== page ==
No exception: Pride flags still not allowed to be flown at US military bases, Pentagon says

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**Related Video Above: Watch scenes from the 25th Annual Cleveland Pride parade.**

(WJW) — With June officially recognized as Pride Month by the Joe Biden administration, some were hopeful an exception would be made for Pride flags to be flown at U.S. military bases during this time.


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However, the Department of Justice announced Friday they would not make an exception to a rule set last year that limited the kinds of flags allowed to fly.

“After careful consideration, the department will maintain the existing policy from July 2020 regarding the display and depiction of unofficial flags, so there won’t be an exception made for the Pride flag,” Pentagon spokesman John Kirby said during the Friday press conference.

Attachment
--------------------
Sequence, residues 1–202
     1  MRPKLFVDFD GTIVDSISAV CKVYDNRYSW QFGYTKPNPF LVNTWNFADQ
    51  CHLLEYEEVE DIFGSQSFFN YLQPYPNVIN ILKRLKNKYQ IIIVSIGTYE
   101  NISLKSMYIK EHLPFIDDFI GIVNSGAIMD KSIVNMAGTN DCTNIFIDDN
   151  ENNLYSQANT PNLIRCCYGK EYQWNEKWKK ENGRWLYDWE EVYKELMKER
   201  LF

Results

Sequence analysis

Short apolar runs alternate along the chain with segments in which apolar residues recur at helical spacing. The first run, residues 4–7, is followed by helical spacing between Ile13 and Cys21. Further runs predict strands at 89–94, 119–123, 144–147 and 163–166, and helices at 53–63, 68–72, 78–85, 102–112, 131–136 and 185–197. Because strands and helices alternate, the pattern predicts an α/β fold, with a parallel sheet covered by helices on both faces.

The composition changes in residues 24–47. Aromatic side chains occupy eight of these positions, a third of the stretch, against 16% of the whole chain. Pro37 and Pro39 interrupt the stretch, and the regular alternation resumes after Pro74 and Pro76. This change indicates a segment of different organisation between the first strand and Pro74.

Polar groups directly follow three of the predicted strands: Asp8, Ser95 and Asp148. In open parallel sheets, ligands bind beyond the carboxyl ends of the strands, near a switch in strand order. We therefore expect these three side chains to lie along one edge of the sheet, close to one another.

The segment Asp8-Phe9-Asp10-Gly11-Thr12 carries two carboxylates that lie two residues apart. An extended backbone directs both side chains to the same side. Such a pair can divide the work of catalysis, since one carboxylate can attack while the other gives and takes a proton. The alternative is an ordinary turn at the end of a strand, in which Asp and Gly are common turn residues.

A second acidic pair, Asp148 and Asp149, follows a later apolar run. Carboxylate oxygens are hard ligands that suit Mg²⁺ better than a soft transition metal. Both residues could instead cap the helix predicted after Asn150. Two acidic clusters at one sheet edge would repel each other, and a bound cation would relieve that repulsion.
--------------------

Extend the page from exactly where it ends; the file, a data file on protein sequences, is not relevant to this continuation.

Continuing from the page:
Kirby made clear the decision didn’t come after a formal review, but that Biden’s team did take a serious look at granting an exception.

“This in no way reflects any lack of respect or admiration for people of the LGBTQ+ community, personnel in and out of uniform who serve in this department, we’re proud of them” Kirby said.


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He said the decision was instead made because allowing the Pride flag to fly during June could lead to “the potential for other challenges.”

At this time, Confederate flags are also banned from all military bases.

Watch the entire Department of Defense briefing below:

https://t.co/V5r6KyVcnk

— Department of Defense 🇺🇸 (@DeptofDefense) June 4, 2021

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